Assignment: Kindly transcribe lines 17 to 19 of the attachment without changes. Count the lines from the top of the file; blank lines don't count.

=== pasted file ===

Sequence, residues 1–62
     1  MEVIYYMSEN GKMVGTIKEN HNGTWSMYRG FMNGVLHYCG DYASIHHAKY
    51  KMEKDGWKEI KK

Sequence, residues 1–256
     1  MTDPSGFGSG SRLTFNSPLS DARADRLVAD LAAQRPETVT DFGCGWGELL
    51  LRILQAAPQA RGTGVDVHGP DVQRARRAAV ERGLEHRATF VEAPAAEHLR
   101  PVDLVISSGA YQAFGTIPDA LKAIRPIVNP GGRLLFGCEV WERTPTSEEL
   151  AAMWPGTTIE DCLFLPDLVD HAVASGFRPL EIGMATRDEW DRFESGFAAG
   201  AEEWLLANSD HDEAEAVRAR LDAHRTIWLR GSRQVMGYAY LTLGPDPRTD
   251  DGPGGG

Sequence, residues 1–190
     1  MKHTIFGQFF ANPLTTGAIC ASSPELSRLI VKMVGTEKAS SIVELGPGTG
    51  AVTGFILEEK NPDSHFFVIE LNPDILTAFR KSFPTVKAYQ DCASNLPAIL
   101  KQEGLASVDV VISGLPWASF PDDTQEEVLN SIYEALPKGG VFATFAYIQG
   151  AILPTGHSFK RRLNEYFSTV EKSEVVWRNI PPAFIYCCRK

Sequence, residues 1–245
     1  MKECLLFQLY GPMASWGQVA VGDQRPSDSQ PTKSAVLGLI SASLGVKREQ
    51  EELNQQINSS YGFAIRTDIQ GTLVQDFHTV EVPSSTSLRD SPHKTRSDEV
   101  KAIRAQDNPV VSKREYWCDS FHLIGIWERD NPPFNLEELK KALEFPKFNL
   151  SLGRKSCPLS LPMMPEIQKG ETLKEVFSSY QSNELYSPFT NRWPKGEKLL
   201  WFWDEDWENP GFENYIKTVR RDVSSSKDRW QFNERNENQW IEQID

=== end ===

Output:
     1  MKECLLFQLY GPMASWGQVA VGDQRPSDSQ PTKSAVLGLI SASLGVKREQ
    51  EELNQQINSS YGFAIRTDIQ GTLVQDFHTV EVPSSTSLRD SPHKTRSDEV
   101  KAIRAQDNPV VSKREYWCDS FHLIGIWERD NPPFNLEELK KALEFPKFNL